I was there when she met her husband for the first time. He was a chef at this restaurant we would routinely eat at on Friday mornings. She had been having an affair with my cousin, who was also my best friend, although I had told him not to. As far as I was concerned, she had cheated me. Neither of them told me the story of what happened. I found out as I went to her place and found his shirt, one of the ones I had given him. As Marc told me later, he never had the courage of going back to take it. She had trapped us.
I lost it when I heard the story. I stopped speaking with Katrina, immediately. I yelled at Marc, the closest person I had been to for a decade. We had been inseparable since high school. I had never seen him so sorry. “We were afraid of your reaction,” he’d tell me. How could you not be, holding dirty secrets when I warned you that such a behavior would hurt me?
I felt sorry about it. When a few years before, as teenagers, we had stopped speaking, I did not think it was possible for someone to cry so much over someone else. I never cried so much before or later in life. It was not so much the break-up than the silence and the lack of explanation that made it feel as such. The helplessness that would turn into self-loathing. That made me unable to forgive her even after she explained herself. She had watch me suffered for months, an eternity when you are nineteen. She never knew how much pain she had caused, and how much she caused after we made-up. I was being punished for loving too much and years later, I would still pay the price.
Oh, dear Katrina! I thought of you and wrote stories, even wrote songs about you. Songs that were too sappy to be sung, but stories that caught on. Every time, I’d change the name and the setting. But it would still be you, not that it was worth mentioning.
After the affair, we did make-up, years later — social media as one of the wonderful marvels of communication. To everyone’s surprise, I became a successful writer; sometimes, being half-crazy could take you quite far. Some will admire you although most will fear you. Little will dare to join the circus; in our young years, she did so. I thought we were the same person, but my disease was infectious.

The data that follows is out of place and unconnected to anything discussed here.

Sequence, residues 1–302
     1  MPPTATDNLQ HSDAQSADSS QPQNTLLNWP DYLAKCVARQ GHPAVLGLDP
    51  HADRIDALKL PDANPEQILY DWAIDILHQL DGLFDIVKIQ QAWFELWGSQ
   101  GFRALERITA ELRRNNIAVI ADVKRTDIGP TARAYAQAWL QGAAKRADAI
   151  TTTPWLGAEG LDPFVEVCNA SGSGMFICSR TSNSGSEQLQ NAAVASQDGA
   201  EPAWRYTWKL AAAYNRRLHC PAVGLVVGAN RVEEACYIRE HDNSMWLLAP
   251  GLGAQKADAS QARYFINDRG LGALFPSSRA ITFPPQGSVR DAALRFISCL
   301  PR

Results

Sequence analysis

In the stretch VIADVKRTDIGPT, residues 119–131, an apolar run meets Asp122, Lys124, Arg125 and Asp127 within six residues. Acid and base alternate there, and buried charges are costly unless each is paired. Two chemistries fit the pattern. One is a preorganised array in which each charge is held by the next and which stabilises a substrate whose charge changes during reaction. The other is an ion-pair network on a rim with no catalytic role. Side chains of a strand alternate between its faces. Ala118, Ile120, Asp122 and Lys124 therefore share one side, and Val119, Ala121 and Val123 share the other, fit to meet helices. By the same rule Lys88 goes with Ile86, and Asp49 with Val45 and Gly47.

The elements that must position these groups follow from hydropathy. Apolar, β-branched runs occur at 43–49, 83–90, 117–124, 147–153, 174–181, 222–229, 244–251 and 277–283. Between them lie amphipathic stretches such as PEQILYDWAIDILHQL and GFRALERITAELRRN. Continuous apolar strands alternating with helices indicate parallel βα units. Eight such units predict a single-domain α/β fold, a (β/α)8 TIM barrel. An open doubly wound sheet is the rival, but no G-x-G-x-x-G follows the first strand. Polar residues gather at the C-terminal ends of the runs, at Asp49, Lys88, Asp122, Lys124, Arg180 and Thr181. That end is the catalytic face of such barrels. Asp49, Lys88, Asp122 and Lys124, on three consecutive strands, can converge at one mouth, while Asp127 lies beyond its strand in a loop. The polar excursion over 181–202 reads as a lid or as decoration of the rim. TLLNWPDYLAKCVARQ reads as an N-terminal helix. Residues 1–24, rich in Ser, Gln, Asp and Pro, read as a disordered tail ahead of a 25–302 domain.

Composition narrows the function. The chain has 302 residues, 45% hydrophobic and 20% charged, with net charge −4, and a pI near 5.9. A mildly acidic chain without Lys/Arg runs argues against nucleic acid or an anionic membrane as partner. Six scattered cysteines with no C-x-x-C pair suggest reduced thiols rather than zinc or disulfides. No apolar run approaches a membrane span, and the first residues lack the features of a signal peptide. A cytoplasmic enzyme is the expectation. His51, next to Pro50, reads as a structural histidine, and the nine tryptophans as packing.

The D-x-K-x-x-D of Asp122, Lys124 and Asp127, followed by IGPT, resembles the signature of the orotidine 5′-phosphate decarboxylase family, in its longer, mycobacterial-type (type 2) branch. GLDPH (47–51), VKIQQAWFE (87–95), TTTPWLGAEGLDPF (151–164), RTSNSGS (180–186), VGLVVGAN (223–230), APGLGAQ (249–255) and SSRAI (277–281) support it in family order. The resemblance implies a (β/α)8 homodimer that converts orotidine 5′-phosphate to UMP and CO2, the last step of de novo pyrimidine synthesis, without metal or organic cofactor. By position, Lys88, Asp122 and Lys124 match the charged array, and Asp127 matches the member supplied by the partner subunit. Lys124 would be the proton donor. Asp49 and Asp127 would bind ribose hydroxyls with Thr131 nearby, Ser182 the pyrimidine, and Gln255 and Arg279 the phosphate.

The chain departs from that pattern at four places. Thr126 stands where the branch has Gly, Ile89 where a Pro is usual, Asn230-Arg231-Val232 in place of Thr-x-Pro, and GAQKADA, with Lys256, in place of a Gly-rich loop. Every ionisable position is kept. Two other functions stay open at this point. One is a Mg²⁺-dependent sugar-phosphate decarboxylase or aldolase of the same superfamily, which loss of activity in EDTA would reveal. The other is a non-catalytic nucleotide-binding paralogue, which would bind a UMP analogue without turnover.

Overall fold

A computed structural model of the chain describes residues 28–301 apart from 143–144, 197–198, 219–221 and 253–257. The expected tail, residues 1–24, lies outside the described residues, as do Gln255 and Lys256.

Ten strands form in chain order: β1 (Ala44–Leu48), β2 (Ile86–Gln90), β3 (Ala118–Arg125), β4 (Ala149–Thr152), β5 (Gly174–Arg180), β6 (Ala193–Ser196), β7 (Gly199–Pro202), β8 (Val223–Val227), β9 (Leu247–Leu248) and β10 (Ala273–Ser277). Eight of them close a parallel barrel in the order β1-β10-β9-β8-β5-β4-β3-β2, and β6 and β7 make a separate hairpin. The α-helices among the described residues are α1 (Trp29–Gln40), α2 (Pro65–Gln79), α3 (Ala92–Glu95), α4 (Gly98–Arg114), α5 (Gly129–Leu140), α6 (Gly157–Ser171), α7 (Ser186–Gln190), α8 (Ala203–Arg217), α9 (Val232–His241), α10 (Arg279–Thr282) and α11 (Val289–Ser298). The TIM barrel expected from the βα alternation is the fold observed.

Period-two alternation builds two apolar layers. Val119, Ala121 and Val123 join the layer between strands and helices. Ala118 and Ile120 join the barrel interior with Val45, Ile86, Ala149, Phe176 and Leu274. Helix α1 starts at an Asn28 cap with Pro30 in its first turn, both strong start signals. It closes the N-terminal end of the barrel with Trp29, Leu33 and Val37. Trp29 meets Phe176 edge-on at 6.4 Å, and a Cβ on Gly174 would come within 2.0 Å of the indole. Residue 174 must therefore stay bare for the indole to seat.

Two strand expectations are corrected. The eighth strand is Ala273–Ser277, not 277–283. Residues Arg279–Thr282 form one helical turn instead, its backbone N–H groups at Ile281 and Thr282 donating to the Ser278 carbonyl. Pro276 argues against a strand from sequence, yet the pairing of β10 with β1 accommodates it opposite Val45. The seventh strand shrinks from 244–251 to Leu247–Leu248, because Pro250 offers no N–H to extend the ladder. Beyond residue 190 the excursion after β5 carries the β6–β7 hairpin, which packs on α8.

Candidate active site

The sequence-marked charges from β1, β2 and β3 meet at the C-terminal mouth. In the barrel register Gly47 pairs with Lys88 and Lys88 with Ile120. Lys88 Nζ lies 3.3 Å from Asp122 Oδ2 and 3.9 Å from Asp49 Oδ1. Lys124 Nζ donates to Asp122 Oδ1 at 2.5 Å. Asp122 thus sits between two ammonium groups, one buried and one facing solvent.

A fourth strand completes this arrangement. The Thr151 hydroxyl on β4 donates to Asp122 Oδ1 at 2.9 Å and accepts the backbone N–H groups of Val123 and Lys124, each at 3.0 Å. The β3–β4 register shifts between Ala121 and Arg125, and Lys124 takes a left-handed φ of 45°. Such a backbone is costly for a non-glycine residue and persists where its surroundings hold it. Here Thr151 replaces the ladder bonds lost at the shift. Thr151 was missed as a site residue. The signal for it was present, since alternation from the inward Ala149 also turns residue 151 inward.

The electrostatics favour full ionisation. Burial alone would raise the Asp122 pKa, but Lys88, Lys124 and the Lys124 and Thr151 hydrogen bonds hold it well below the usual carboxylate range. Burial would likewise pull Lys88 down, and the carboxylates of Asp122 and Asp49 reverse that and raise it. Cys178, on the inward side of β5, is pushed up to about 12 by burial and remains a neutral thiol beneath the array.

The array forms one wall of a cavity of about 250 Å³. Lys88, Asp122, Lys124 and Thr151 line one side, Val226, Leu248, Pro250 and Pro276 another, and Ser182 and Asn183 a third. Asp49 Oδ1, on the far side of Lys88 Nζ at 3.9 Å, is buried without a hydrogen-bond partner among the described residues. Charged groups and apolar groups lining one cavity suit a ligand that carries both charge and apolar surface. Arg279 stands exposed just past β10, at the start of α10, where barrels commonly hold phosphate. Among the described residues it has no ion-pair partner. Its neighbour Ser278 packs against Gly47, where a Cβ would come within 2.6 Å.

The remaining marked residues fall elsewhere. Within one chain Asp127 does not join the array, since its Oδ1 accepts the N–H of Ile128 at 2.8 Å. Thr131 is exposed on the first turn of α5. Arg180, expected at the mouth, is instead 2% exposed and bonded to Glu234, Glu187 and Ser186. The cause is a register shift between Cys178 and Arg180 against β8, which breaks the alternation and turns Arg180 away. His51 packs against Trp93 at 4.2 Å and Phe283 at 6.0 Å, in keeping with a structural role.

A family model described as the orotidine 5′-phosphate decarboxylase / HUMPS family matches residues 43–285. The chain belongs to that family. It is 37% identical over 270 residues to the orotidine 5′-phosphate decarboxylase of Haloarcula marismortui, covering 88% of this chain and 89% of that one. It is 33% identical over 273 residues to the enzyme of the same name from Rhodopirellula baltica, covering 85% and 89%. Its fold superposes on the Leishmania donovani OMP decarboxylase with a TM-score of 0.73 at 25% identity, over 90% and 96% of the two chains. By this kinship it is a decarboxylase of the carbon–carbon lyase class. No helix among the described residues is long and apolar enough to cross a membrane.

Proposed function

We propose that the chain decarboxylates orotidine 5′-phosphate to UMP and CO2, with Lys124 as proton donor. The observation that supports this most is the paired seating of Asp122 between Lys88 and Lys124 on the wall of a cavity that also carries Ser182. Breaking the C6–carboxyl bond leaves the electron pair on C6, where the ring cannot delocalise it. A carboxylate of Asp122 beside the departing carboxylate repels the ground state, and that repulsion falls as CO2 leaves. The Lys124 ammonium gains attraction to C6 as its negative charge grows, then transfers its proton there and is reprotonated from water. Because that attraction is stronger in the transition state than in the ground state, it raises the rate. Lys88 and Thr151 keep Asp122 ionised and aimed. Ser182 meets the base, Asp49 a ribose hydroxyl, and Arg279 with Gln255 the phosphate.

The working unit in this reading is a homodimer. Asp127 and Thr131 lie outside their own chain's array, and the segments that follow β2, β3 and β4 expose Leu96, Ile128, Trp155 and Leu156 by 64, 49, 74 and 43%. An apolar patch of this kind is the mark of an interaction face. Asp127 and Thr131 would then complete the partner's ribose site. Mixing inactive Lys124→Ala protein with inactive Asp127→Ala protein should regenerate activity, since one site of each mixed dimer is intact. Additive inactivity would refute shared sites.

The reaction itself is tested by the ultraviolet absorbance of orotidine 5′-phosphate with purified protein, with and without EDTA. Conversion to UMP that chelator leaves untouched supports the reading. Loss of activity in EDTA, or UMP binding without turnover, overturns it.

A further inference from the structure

We met again, by fate, or coincidence, sometimes even coffee dates. I called her when a friend, one I had known well but then passed away. However, I would always meet her reluctantly. For a long time, she would be the only human being that I knew personally generating disgust into my mind.
“How’s Katrina?” my mother would always ask me. “Who’s Katrina,” was the answer I’d wish to give. She had broken my mom’s heart as well. She thought of her as an angel, my savior. But I was not the one who ended-up as a divorced, ex-trophy wife before I turning 26. She was such a brilliant kid. I was not, but turned-out all right. Maybe it’s because my own parents never told me I was special. They just thought I was plain mad.
And for the time we’d meet, following the affair, I was always in control. I didn’t ask her any questions, turning into this self-centered persona she herself had always been before with me. I didn’t ask her about her job, or her life, didn’t want to find out about her being happy or not, I didn’t even look at her. She was incapable of winning my sympathy.
So we saw each other again. But I didn’t really see her. My guard was up, clear walls saying that she would never make way back it. She was too evil to get another trial. By evil, I mean manipulative.
Also, Katrina made me sad. I felt so sorry for her all the time, for no particular reason. She was a victim of her own self. As if she lacked the capacity of taking care of her own person. After she divorced, she headed back to school. She was finally going to do something off her own.
So, for a long time I dreamt of her. I dreamt of her as you still dream of your first heartbreak. I dreamt of her as how much such an event shapes you. I lived through many tragic stories breaking young boys and girls hearts. But somehow, I would always be a nineteen year-old with short hair and baggy jeans sobbing uncontrollably in her parent’s driveway after her best friend would not pick-up the phone.